Israelis, PLO sign historic pact at White House


WASHINGTON (AP)—In a breathtaking moment of hope and history, Yasser Arafat and Prime Minister Yitzhak Rabin exchanged handshakes of peace before a cheering White House audience Monday after the signing of a PLO-Israeli pact that once seemed unimaginable.

‘‘Enough of blood and tears. Enough,’‘ the gravelly voiced Rabin said with emotion. ‘‘We wish to open a new chapter in the sad book of our lives together, a chapter of mutual recognition, of good neighborliness, of mutual respect, of understanding.’‘

Arafat, wearing his trademark headdress draped in the shape of a map of Palestine, said the agreement should mark ‘‘the end of a chapter of pain and suffering which has lasted throughout this century.’‘

The two men, mortal enemies for a generation, watched from several feet apart as aides signed historic agreements that will bring Palestinian rule to the Israeli-occupied West Bank and Gaza Strip.

Then, drawn toward Rabin by President Clinton, a grinning Arafat extended his hand.

After a second’s hesitation, the prime minister reached out for a businesslike handshake. Rabin, who as an Israeli general captured the West Bank and Gaza, was stony faced.

Cheers of delight roared from the crowd of 3,000 people assembled on the sun-soaked South Lawn. Arafat and Rabin also shook hands at the end of the ceremony.

The audience included former Presidents Carter and Bush, both instrumental in moving peace talks ahead. There were eight former secretaries of state, the Cabinet, the Supreme Court and most members of Congress as well as diplomats and Arab and Jewish leaders in the United States.

Jihan Sadat, the widow of Egyptian President Anwar Sadat, assassinated for making peace with Israel, also was present.

Clinton expressed regret later that Arafat, in his speech, had not reaffirmed commitments he’s made in writing to renounce terrorism and violence and to recognize Israel’s right to exist in peace and security.

‘‘I think I would have loved the speech better had he done so,’‘ the president said in an interview on Israeli television.

The president said he told Arafat, in a 10-minute private meeting, that it was important for him to live up to his word.

Arafat and Rabin first came face to face in a meeting with Clinton before the ceremony. ‘‘They looked at each other really clearly in the eye for the first time and the prime minister said, ‘You know, we are going to have to work very hard to make this work.’ And Arafat said, ‘I know and I am prepared to do my part,’‘’ Clinton recalled.

Arafat, in a separate PBS television interview, was asked about the weekend slaying of Israeli soldiers in the occupied territories. ‘‘We have to expect this until the implementation’‘ of the peace accord, Arafat said.

Asked how difficult it would be to implement the agreement, Arafat replied: ‘‘Very difficult.’‘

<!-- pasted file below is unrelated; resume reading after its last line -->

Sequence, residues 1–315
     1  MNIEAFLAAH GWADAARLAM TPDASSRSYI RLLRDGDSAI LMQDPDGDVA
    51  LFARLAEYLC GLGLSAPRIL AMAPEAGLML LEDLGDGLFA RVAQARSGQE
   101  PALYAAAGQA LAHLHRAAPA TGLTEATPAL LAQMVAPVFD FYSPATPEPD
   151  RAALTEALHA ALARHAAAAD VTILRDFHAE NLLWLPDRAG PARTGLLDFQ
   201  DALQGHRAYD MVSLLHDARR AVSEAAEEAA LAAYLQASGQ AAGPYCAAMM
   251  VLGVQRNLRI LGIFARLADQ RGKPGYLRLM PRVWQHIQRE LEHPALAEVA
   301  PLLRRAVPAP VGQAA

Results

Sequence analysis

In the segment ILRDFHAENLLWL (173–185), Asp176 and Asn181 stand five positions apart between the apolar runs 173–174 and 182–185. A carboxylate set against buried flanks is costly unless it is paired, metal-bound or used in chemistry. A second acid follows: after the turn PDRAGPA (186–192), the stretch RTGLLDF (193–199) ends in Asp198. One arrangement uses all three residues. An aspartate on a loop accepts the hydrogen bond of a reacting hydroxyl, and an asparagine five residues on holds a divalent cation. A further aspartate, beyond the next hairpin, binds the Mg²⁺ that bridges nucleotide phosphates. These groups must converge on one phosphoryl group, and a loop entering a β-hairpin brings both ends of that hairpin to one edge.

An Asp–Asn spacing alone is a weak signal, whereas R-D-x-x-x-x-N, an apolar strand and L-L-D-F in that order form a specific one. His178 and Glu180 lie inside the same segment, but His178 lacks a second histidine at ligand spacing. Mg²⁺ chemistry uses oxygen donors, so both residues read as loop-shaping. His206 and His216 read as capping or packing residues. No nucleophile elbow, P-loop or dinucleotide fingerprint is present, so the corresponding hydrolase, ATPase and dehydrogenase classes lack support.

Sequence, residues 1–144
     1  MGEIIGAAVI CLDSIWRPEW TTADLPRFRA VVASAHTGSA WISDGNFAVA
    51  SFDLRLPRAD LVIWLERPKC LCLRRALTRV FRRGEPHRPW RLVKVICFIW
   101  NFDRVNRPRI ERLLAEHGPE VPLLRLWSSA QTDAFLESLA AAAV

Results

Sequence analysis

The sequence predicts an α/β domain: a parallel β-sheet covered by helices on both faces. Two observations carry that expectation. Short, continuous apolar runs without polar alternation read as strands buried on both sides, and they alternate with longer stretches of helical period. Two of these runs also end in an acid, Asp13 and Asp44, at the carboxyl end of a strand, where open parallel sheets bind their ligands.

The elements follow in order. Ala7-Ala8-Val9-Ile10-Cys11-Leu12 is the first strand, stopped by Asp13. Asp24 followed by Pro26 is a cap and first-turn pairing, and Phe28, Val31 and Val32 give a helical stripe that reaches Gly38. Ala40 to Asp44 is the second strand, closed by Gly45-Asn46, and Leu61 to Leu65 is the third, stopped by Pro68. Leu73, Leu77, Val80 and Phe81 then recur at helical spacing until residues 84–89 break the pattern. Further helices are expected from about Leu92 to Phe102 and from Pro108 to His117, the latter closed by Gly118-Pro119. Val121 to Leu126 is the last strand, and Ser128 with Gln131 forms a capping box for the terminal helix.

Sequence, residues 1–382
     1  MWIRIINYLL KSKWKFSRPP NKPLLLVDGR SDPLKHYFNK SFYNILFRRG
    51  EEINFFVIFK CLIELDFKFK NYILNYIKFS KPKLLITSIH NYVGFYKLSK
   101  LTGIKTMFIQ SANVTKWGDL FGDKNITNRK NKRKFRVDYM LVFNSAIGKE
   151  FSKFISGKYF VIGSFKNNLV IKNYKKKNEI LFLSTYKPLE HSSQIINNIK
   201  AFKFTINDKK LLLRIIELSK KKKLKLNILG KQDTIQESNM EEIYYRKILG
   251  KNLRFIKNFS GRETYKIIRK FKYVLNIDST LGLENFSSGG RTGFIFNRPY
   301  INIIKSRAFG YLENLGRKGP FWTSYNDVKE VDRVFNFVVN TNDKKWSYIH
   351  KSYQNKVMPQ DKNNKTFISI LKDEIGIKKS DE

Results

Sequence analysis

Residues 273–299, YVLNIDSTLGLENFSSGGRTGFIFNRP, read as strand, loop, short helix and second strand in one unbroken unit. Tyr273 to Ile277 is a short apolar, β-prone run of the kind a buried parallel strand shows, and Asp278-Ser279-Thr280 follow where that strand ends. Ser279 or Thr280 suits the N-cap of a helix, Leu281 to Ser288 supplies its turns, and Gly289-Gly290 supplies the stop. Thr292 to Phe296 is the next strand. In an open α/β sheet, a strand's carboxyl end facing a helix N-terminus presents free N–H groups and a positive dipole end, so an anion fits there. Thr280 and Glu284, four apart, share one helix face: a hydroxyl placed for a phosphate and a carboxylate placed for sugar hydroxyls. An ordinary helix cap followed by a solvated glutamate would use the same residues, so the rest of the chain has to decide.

Like the fall of the Berlin Wall and the collapse of the Soviet Union, a peace agreement between Israel and the PLO is another dizzying event that had seemed impossible.

Yet, after months of secret negotiations, the PLO last week recognized the right of Israel to live in peace and renounced violence; Israel in turn recognized the PLO as the representative of Palestinians.

The fast-moving chain of events is expected to continue Tuesday with an announcement by Jordan and Israel at the State Department on a negotiating agenda that could lead to a peace treaty and diplomatic relations.

Israel’s deputy foreign minister, meanwhile, said his country was ready for a withdrawal on the Golan Heights if it negotiated a peace pact with Syria. Yossi Beilin, was quoted in Tuesday editions of USA Today as saying Rabin’s regime ‘‘is the first Israeli government which is ready to withdraw’‘ from areas seized during the 1967 Six-Day War.

The success of the Israeli-PLO agreement depends on the international community providing billions of dollars to develop the economy of the West Bank and Gaza. Clinton made clear he expects other nations to provide the lion’s share.

The president pledged that the United States would try to nurture Monday’s agreement into a broader peace throughout the Middle East.

‘‘We know a difficult road lies ahead,’‘ Clinton said. ‘‘Every peace has its enemies, those who still prefer the easy habits of hatred to the hard labors of reconciliation.’‘

The agreement faces formidable opposition among Israelis who fear their government has gone too far, and among Palestinians who accuse Arafat of accepting a sellout that falls short of a full Palestinian state.

After the ceremony, the administration underscored its commitment to Israel’s security.

Martin Indyk, a Middle East specialist on the National Security Council staff, said the United States is discussing new aircraft sales to Israel. Israel hasn’t indicated what it wants, he said, but ‘‘There is no problem there.’‘

Returning from the South Lawn, Clinton and Arafat held an unscheduled meeting in the Map Room.

The president said he told Arafat the United States was prepared to take the lead in organizing financial backing and political support for Palestinian autonomy. However, Clinton said he also told Arafat, ‘‘It was imperative that he honor the commitments made to Israel’s security, to renouncing terrorism, to assuming responsibility within the areas of self-government and for maintaining law and order.’‘

As for the money that will be needed, Secretary of State Warren Christopher Japan would be ‘‘very helpful’‘ with contributions and that Nordic countries, the European Community and Gulf states also would assist.

Arafat remained in Washington to socialize and make the rounds of television talk shows. Rabin returned to Israel after attending a reception at the Israeli Embassy.

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